ONE NIGHT IN MIAMI (2021) – Fictional Account of Four 1960s Icons Phenomenal and Flawless

It’s all about the screenplay.

So often, the one element which hurts a movie the most is its screenplay. Generally speaking, bad screenplay, bad movie. Likewise, if your movie has a good screenplay, chances are, you have a winner on your hands.

ONE NIGHT IN MIAMI (2021), now available on Prime Video, not only has a good screenplay, it has a phenomenal one! Written by Kemp Powers, based on his stage play of the same name, ONE NIGHT IN MIAMI tells the fictional account of four icons, Muhammad Ali (Eli Goree), Malcolm X (Kingsley Ben-Adir), Jim Brown (Aldis Hodge), and Sam Cooke (Leslie Odom, Jr.) getting together in a hotel room in Miami to celebrate Ali’s victory over Sonny Liston for the Heavyweight Title earlier that night, and the ensuing conversations between them as they navigate through Malcolm X’s views on race relations, and their own roles in the movement make for superior storytelling from start to finish.

When he defeated Liston that night for the Heavyweight Title, Ali was still known as Cassius Clay, but under the guidance of his friend and mentor Malcolm X, Clay had been considering converting to Islam. In fact, this get-together from Malcolm X’s perspective, was largely to finalize that conversion, and to tell their two other friends, Cooke and Brown, about it.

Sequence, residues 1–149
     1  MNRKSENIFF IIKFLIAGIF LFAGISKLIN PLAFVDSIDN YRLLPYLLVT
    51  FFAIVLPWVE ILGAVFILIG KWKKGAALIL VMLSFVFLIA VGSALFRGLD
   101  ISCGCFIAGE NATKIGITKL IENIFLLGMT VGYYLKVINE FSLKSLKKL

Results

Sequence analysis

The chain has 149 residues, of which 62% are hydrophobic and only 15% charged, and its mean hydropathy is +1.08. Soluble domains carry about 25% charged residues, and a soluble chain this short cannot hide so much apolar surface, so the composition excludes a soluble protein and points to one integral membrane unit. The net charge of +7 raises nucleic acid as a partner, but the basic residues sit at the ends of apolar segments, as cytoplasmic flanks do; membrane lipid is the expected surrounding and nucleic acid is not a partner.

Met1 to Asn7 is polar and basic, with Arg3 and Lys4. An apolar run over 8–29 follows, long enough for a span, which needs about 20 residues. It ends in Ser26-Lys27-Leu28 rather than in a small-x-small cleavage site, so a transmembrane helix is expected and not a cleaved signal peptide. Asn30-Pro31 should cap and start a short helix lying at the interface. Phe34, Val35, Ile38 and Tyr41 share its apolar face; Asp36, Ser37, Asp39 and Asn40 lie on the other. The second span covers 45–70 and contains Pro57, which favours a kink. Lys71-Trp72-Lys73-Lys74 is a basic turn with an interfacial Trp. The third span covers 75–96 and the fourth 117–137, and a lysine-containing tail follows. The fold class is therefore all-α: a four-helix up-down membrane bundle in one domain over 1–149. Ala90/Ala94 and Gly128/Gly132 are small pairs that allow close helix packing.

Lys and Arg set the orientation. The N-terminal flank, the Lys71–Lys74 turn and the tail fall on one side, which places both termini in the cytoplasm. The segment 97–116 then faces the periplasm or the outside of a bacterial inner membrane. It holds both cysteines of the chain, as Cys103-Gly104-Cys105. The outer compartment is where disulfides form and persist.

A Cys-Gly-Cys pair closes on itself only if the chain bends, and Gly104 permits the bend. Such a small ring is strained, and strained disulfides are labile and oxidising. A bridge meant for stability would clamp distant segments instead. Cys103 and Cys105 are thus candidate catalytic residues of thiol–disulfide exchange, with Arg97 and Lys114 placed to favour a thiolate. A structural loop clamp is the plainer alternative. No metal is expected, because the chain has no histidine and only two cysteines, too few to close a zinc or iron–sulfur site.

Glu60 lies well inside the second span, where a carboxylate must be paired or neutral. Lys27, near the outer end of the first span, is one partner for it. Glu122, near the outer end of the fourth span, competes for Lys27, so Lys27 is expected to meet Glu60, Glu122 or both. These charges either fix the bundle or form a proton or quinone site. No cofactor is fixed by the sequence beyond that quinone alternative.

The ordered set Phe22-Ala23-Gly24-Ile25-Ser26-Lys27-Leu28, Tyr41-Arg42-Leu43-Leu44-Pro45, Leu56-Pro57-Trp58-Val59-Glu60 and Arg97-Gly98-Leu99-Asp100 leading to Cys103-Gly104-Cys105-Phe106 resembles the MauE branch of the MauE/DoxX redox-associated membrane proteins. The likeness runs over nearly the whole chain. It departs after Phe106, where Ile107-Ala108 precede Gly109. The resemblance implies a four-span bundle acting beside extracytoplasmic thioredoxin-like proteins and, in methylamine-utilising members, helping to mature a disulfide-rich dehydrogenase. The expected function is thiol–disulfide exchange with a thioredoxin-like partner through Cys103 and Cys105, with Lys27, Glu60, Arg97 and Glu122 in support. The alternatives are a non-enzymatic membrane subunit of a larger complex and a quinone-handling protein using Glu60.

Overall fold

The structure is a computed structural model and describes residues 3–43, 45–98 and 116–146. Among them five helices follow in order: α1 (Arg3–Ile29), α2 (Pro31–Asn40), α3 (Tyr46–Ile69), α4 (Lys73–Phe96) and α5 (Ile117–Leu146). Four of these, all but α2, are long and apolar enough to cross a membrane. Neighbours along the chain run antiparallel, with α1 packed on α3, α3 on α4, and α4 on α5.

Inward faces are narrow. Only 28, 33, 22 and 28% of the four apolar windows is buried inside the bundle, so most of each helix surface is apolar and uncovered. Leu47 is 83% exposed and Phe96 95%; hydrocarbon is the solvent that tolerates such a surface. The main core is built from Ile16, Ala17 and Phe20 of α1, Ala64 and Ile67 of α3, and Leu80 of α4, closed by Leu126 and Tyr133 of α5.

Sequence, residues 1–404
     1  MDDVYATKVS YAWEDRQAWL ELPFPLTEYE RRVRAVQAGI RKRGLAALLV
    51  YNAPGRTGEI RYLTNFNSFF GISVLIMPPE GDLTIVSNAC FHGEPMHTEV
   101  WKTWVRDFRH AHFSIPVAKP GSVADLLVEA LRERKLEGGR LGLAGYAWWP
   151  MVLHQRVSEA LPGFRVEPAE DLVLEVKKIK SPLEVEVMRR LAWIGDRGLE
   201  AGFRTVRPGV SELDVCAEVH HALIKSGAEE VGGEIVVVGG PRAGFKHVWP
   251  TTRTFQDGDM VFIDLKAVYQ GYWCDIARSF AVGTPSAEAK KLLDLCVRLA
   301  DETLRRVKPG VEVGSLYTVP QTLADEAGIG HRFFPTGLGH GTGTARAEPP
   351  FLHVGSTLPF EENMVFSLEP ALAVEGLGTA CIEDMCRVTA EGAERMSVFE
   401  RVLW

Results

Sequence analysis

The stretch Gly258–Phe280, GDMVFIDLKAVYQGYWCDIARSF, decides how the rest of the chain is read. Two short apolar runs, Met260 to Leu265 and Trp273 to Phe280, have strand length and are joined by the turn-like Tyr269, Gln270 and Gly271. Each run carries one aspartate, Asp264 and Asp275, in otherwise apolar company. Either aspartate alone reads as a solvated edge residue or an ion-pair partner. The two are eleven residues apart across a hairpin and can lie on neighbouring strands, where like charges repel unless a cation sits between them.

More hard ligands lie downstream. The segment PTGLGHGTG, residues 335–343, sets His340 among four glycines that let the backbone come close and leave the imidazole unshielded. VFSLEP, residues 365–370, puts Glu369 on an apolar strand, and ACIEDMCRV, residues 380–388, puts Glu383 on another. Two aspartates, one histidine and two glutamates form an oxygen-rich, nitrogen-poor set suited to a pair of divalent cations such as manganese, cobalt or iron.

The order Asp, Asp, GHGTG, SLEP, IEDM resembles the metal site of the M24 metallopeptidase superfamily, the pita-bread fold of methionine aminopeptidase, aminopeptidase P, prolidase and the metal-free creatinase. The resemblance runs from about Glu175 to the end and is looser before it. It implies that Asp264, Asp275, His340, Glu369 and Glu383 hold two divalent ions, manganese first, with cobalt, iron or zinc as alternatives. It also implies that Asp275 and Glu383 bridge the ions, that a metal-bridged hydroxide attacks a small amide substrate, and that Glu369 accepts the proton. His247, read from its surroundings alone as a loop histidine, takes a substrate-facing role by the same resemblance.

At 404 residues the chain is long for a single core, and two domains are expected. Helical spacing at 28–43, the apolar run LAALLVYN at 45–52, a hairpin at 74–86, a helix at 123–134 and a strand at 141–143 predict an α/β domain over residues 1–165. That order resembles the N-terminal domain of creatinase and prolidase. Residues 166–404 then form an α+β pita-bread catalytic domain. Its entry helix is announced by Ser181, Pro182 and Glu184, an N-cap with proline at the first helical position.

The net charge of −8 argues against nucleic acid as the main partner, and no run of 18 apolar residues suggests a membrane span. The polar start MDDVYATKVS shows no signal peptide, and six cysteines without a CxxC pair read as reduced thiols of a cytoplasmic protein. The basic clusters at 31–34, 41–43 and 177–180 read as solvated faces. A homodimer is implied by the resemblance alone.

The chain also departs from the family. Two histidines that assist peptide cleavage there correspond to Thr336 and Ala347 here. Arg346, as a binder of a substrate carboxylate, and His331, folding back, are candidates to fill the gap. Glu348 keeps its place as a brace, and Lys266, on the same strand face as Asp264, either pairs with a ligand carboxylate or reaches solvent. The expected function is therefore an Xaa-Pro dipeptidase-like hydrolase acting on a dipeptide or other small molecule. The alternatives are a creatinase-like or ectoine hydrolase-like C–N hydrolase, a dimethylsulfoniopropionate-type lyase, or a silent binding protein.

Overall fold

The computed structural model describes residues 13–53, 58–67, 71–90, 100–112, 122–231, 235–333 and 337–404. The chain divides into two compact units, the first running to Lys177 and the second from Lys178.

On this night, Malcolm X is on edge. He knows people are following him, that there are threats against his life, and he is having conflicts within the ranks of the Nation of Islam, but more so, he feels the struggle for the black man is imminent, and there is no time to slack off and accept the status quo. And so, in addition to his invitation to Clay, he also leans heavily into Sam Cooke, a singer Malcolm X accuses of cozying up too much to white society. Cooke does not take kindly to this criticism, and most of the night the two friends engage in heated exchanges.

Meanwhile, Jim Brown, the NFL’s biggest star, does not agree with Malcolm X’s militant stance on race, and yet he knows huge problems exist in the country. He just doesn’t agree with Malcolm’s solutions. And Cassius Clay, while originally enthustiastic about becoming a Muslim, has ever increasing doubts as the heated arguments continue throughout the evening.

ONE NIGHT IN MIAMI is chock full of memorable lines and conversations. It’s pratically a treatise on race relations, and even though the story takes place in 1964 and is seen through the eyes of four icons of the that period, the conversations remain relevant in the here and now. And it’s done on a canvas of a marvelous play. The dialogue, the relationships, the characters, they all come to life, and thanks to director Regina King, who invites the audience right into the room with these guys, you feel like you’re right there sitting next to them.

One of the more memorable lines comes as Jim Brown is shaking his head at Malcolm X and telling him it always amazes him that Malcom so freely mixes being religious with being militant, to which Malcolm replies, “what’s the difference?”

Nearly every conversation is a memorable exchange. From Malcolm X pointing out that Bob Dylan, a white man, has written songs more pointed towards their cause than anything Cooke has written, to Cooke’s lambasting Malcolm over his comments following JFK’s assassination, telling Malcolm “my mother cried when JFK died. So did I. I liked JFK.”